Violent Streets and Broken Homes

Florida's streets are dangerous territory. Youth, who in times past were rarely involved in juvenile delinquency, are today both the victims and perpetrators of sinister acts of teen crime and violence, often hostile and deadly. As the real world drama is played out in our streets, it has become evident that father absence plays a critical role.

Take for example Valessa Robinson in Tampa. In an act of senseless violence, Valessa, along with Adam Davis and Jon Whispel, stormed into Vicki Robinson's home and killed her. Authorities say she had been injected with bleach from a syringe, stabbed to death, and stuffed in a trash can. According to friends, Valessa, whose parents were divorced, couldn't get over not having her dad at home.

In another shocking incident, Haines City was rocked by the bloody shooting spree of three teenagers named Sylathum Streeter, Curtis Shuler, and Victor Lester. Their final rampage occurred at John's Resort in Haines City where they burst into a hotel and opened fire on a family of five. When investigators asked Lester's stepbrother, Maurice Moore, what they had planned to do, Moore said, "Hurt somebody. Take a life, I guess." Here, too, all three teenagers came from broken families.

These horrible acts of violence lead us to ask: Are we on the verge of a teen age crime explosion?

To respond to this difficult question, we completed a detailed report entitled Kids and Violence: A National Survey and Report. We surveyed public opinion, examined statistics, explored the details surrounding numerous high-profile cases covered by the media, and reviewed scholarly opinion about the possible causes.

Though many kids are still doing the right things, our report reveals a chilling picture of today's youth. According to Florida Department of Education statistics there were a total of 227,872 incidents of violence for a total student population of 551,456 in 1996-1997. Topping the list of crime and violence per county were Dade, Broward, Hillsborough, Alachua, and Polk. Shockingly, from 1985 to 1993, the number of murder cases involving 15-year-old juveniles increased 207 percent nationwide.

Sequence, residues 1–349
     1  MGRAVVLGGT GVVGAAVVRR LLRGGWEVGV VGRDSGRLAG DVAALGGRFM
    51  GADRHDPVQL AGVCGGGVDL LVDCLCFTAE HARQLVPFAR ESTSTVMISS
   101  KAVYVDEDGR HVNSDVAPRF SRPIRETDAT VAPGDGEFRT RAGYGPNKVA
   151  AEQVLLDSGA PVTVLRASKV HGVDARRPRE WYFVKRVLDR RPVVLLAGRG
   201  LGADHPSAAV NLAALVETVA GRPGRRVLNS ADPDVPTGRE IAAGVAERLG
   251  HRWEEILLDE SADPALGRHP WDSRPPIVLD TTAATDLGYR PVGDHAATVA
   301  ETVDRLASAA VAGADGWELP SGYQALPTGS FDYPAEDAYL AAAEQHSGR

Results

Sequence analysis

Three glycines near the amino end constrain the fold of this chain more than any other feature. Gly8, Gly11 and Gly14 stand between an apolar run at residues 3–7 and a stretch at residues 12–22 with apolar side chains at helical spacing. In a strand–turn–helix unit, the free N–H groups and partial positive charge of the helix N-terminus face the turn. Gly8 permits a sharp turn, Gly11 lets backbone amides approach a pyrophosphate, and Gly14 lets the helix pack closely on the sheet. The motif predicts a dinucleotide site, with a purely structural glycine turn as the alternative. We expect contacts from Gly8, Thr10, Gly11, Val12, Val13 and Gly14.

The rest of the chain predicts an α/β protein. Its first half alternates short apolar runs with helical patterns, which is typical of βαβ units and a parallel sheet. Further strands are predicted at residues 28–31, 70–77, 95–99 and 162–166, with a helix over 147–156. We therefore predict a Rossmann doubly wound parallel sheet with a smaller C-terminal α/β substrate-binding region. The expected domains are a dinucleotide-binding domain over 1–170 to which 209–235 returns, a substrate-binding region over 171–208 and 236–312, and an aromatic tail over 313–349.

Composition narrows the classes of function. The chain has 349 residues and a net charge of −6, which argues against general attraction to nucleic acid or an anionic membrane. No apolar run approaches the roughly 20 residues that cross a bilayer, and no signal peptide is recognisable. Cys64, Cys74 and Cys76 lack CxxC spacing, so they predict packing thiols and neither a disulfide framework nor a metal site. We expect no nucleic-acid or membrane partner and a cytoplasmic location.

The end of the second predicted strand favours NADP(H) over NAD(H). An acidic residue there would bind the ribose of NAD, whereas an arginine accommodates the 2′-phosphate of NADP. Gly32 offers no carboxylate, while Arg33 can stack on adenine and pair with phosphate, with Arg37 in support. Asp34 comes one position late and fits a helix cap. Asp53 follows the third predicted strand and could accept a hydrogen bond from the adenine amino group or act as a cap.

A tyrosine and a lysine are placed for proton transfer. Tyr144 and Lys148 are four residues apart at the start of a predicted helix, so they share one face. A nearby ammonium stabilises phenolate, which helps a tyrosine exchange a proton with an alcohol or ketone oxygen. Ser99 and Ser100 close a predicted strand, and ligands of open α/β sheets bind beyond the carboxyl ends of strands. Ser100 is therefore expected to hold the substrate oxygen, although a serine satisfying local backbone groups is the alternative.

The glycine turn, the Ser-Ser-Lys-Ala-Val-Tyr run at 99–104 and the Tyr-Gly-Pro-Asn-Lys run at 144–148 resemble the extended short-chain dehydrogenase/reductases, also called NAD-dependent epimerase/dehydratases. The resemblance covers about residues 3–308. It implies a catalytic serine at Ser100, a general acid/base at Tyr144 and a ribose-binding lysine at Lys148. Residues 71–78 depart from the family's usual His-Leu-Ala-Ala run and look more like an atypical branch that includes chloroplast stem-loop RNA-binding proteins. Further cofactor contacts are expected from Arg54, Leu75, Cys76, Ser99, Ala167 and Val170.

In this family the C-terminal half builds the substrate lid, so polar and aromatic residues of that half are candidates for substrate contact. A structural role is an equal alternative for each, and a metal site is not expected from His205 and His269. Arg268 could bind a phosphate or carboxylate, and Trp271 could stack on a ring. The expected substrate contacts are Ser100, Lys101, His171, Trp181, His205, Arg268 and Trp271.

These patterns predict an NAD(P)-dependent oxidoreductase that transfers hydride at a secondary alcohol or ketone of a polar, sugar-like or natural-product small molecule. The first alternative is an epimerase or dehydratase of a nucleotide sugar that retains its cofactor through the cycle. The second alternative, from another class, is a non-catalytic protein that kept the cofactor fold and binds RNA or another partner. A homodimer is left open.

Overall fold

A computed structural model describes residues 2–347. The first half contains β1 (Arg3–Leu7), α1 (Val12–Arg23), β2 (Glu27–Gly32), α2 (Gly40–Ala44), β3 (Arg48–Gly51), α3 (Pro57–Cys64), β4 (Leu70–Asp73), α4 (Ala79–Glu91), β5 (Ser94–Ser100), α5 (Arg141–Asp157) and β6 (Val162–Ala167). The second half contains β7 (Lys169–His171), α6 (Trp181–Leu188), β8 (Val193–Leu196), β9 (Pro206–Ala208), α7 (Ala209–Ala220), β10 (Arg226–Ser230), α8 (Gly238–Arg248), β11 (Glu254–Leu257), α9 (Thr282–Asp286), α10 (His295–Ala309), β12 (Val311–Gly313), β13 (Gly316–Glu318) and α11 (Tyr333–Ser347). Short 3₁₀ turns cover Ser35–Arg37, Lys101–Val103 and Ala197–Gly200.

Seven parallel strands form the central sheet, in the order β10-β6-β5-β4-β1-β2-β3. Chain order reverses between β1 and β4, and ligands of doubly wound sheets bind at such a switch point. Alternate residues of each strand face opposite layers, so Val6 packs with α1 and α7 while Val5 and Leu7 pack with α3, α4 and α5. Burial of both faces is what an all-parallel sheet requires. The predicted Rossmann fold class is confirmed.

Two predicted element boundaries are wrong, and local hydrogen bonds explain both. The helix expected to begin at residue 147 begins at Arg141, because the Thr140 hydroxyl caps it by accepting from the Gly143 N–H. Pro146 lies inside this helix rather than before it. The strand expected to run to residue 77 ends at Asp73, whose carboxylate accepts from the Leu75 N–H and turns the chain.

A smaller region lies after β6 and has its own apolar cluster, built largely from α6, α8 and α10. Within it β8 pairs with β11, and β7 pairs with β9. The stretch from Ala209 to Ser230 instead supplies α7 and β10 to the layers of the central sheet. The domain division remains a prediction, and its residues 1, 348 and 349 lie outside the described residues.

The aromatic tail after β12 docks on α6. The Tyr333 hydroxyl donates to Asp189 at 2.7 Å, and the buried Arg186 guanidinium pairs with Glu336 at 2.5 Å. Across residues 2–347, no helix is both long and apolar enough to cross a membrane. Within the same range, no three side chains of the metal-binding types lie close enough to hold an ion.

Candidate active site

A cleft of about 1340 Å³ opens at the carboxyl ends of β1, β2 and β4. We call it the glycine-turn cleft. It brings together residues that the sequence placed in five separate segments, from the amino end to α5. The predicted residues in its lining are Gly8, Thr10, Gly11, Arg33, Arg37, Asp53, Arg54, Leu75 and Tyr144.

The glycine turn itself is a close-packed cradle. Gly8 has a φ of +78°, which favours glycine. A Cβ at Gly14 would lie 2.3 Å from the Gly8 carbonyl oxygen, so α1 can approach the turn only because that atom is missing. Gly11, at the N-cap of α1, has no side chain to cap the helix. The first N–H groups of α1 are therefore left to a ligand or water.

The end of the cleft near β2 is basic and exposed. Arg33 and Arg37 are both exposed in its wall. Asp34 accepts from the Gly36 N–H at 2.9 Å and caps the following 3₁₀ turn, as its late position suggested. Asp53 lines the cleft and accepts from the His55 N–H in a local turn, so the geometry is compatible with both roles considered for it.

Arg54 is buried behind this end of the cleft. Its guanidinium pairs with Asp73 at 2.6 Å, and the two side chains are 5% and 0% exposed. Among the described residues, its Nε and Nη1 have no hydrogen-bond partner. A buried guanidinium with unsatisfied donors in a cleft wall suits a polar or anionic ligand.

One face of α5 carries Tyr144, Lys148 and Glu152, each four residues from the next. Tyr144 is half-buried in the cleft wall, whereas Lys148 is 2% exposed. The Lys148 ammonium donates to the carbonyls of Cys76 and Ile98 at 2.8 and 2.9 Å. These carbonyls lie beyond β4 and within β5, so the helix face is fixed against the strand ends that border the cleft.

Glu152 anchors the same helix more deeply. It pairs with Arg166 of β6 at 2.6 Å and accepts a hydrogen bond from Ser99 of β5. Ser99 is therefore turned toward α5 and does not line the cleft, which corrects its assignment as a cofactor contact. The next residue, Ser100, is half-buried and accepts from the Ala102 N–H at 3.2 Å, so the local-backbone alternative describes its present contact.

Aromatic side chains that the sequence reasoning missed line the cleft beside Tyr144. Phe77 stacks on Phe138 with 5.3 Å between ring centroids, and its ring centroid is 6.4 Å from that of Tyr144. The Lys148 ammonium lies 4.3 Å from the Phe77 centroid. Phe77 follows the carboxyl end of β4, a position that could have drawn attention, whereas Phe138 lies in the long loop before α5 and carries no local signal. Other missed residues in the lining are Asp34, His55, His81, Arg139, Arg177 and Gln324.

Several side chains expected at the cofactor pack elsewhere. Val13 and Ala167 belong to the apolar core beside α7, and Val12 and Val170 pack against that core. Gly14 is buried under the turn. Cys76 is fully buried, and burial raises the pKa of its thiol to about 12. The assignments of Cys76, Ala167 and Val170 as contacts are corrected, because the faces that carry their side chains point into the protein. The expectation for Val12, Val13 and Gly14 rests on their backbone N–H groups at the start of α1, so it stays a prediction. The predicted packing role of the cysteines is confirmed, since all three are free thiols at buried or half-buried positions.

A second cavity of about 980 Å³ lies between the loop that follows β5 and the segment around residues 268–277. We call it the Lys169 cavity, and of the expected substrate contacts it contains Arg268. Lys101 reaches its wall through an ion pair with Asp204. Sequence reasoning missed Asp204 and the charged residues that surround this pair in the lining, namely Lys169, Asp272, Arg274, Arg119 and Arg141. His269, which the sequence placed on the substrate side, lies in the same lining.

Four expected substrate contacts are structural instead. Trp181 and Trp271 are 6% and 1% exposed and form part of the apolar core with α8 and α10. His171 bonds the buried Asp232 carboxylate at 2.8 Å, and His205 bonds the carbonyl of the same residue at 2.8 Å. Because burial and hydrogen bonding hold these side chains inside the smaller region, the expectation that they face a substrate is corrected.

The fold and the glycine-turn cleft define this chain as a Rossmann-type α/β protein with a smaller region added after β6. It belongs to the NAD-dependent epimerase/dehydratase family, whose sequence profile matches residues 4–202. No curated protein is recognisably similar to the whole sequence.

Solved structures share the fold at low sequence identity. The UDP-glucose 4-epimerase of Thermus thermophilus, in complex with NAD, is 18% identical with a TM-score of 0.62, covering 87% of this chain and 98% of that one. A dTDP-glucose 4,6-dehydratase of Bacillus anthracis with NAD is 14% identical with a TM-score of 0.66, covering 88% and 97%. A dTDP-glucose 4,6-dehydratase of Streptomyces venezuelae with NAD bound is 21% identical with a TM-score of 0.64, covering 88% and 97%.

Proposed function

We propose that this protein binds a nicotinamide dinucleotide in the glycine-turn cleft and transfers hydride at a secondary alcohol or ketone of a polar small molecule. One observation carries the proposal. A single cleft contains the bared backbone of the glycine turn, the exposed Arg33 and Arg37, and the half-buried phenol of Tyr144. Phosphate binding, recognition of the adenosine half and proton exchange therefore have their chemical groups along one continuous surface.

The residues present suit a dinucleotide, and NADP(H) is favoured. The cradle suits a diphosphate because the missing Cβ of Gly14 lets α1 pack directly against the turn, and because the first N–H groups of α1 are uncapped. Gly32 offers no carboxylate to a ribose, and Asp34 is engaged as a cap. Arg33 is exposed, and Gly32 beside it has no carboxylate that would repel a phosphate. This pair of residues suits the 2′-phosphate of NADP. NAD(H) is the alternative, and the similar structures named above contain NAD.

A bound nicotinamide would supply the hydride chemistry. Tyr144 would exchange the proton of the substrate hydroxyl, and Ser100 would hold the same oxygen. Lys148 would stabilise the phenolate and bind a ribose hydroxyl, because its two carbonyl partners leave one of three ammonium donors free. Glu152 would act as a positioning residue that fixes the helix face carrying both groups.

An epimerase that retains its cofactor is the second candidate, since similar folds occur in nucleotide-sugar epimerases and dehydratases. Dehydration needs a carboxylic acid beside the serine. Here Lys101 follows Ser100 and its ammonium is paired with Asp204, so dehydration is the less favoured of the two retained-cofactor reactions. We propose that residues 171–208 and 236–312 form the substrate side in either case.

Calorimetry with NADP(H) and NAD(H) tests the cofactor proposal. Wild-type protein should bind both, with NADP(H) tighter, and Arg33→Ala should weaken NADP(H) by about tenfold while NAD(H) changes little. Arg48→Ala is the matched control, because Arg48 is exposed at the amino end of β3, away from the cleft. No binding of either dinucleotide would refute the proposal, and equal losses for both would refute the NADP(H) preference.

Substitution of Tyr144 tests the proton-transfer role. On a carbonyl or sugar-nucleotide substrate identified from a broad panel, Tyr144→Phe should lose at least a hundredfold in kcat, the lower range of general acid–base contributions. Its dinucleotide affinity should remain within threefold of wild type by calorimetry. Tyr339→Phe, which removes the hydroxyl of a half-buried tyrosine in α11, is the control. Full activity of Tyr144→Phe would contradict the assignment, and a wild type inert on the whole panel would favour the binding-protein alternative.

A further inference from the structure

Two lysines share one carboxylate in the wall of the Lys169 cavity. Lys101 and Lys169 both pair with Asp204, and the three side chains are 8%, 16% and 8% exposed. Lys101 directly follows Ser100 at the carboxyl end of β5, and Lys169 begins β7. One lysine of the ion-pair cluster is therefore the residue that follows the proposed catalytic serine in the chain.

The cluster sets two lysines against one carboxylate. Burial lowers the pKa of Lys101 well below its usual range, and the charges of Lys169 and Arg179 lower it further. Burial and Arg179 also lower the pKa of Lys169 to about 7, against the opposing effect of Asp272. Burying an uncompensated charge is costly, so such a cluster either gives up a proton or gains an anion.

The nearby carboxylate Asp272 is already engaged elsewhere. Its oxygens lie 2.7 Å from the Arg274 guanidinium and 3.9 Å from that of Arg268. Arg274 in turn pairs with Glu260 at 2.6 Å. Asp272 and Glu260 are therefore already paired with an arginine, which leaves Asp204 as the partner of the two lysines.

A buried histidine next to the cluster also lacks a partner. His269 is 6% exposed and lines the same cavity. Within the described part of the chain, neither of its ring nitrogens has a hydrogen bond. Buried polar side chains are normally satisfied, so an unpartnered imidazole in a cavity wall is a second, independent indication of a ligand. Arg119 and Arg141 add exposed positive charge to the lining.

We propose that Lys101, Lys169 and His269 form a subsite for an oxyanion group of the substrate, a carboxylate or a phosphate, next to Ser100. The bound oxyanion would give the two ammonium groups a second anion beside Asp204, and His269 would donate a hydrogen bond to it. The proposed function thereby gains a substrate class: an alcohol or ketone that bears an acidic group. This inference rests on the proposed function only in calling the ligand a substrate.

What propels young kids to commit such cold-hearted acts of violence? To answer this, I reviewed several studies which revealed a link between violent behavior and fatherlessness. For example, public health researchers in Albuquerque, New Mexico studied the social background of elementary schoolchildren involved in violent behavior and found that "compared with matched control students, children who exhibited violent misbehavior in school were eleven times as likely not to live with their fathers and six times as likely to have parents who were not married."

Father involvement is a powerful influence on the development of children.

As Shawn Johnston, forensic psychologist in Sacramento, put it, the bottom line behind these blood-chilling acts is the "fundamental failure to socialize boys at risk. And the research is absolutely clear that the one human being the most capable of curbing the antisocial aggression of a child is his or her biological father."

Officials at the state and local levels have proposed several approaches to combat juvenile delinquency, such as removing violent juvenile offenders from the juvenile justice system, new dispositions and sentencing options, and more open juvenile proceedings and records. Though these measures are thoughtful, they are merely bandaids. If we're going to reclaim our communities, we need to turn fathers' hearts toward their kids.

A positive legacy for our kids will require the active involvement of fathers with their children. However, if we give credence to the notion that fathers have less importance in their kids' lives, then youth crime will continue to cast a dark shadow on Florida's streets.

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